Sin City: A Dame to Kill For (2014) – Review

2 Stars

Sin City: A Dame to Kill For hits screens nine years after the release of the groundbreaking original. The use of green-screen and a monochromatic color scheme served as a revolutionary new process that accurately managed to translate the visuals of Frank Miller’s graphic novel onto film. Now, nearly a decade later we have the follow-up which is just as stylized but not nearly as good as the original. A Dame to Kill For is a prequel and a sequel with interlinking stories that transpire both before and after the first film. Got that? To make matters more confusing actors have been replaced and the new additions are not up to the task.

There are four stories running concurrently through the film. The opening sequence dives right back into the tortured existence of the Neanderthal Marv (Mickey Rourke), inflicting pain on a group frat boys for messing with the city’s homeless. This excursion serves as a reminder that the next 100 minutes will be ripe with beheadings, mutilations, sexy women, and stylized dialogue. The segment is striking in its violence and outlandish stylized action, but ultimately there isn’t much point to the exercise, the same could be said of the entire movie.

Joseph Gordon-Levitt stars in the film’s second story, the tale of a mysterious gambler, who’s come to town looking for a high-stakes poker game with Mr. Roark (Powers Boothe). The stranger is intent on beating the most politically connected man at his own game. Yet, with victory comes an awful price. This is the strongest of the four stories, giving both Levitt and Boothe strong scenes to shine in.

The voluptuous and equally talented Eva Green appears as the dame of the tittle. She is a vamp, who uses men to do her bidding; even if that means committing murder. Green is a beautiful woman, which is apparent due to her almost constant nudity in the piece (I’m not complaining). Her femme-fatale act is straight out of the 1940s and she spits her lines out as if purring in sexual pleasure. It is easy to understand how she could convince her ex-lover Dwight (Josh Brolin) to kill her abusive husband. This is the longest of the tales, and as it plays out the impact of the earlier sequences begin to lose their power. By the conclusion, I throughly disliked all the characters entrapped in her scheme.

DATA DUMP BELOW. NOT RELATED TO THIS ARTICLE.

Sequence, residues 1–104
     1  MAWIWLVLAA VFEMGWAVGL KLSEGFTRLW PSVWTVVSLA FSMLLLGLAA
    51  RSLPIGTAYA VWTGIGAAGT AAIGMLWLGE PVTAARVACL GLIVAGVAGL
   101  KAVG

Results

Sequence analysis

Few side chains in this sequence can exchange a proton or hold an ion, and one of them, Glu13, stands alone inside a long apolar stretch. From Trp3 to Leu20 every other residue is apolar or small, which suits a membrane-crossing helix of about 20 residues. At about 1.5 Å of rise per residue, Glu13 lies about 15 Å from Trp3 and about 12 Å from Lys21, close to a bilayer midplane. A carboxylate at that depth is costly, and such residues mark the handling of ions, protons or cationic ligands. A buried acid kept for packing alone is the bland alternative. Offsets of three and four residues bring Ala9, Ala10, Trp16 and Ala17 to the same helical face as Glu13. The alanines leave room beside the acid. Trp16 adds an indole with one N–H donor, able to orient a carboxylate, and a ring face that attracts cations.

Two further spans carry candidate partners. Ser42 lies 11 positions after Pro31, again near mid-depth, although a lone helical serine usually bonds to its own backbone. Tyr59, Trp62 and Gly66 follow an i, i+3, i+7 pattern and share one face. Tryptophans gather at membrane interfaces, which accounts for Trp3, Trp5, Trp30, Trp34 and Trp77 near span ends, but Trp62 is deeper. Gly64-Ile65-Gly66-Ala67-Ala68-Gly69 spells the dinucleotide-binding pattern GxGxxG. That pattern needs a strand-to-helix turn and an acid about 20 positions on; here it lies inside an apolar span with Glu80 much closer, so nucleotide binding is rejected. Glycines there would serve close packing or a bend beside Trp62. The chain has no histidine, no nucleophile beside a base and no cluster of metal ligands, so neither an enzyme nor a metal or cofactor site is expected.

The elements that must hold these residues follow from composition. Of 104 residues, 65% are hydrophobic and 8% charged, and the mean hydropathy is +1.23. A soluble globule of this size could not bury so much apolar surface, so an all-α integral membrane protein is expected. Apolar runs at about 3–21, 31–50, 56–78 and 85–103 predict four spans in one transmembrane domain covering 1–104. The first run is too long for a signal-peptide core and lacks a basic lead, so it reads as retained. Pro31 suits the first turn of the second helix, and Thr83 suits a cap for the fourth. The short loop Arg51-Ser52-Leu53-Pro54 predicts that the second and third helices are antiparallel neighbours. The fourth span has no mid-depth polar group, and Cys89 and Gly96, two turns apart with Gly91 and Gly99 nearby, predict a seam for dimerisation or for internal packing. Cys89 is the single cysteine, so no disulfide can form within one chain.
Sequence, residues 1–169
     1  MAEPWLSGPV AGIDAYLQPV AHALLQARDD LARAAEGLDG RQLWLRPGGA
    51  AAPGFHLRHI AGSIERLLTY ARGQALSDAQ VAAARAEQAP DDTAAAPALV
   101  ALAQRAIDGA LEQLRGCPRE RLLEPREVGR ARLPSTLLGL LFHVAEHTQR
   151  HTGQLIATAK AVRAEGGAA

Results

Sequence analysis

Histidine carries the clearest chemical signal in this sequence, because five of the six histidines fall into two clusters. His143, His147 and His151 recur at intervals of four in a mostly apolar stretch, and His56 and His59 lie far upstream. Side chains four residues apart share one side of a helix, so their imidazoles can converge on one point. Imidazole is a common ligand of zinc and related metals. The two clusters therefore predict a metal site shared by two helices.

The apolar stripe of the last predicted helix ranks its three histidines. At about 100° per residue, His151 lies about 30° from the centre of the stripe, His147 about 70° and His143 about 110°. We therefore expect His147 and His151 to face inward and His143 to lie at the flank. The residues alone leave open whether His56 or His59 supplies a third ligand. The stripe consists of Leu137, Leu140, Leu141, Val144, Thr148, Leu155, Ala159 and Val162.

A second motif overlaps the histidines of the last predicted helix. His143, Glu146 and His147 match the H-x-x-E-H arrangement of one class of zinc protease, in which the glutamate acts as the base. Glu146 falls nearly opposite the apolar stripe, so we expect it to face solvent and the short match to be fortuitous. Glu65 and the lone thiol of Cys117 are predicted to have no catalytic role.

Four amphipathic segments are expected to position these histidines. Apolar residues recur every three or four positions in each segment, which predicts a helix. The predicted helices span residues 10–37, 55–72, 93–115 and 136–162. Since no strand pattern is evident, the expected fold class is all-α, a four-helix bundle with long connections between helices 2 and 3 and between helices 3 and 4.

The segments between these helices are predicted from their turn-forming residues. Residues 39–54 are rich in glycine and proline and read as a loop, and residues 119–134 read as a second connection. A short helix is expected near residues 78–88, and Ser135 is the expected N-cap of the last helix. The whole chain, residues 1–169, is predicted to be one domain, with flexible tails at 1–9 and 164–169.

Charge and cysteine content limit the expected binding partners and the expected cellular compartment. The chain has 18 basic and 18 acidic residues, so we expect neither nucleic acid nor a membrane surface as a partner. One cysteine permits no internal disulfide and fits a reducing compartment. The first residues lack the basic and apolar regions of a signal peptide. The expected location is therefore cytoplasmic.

Lastly, we have the continued downfall of poor Nancy Callahan (Jessica Alba). You’ll remember that she was the innocent girl kidnapped by a perverted lunatic, who was saved just in the nick of time by Detective Hartigan (Bruce Willis). Still smarting over his death, Nancy has become an alcoholic intent on self disfigurement with only revenge on her mind. The gorgeous Jessica Alba is still a show-stopper in her stripper outfits thrusting around on stage, it’s a shame the film turns her character into Travis Brickle.

Before I sat down to watch A Dame to Kill For, I revisited the original for a refresher course. The first picture still holds up today, but in running the films back-to-back the shortcoming of this sequel are even more apparent. The visual artistry on display is undeniable, and stars, Alba and Green are so beautiful they nearly qualify as their own special effects, but this trip to Sin City should be our last visit.

Director:Robert Rodriguez, Frank Miller
Stars: Eva Green, Mickey Rourke, Jessica Alba

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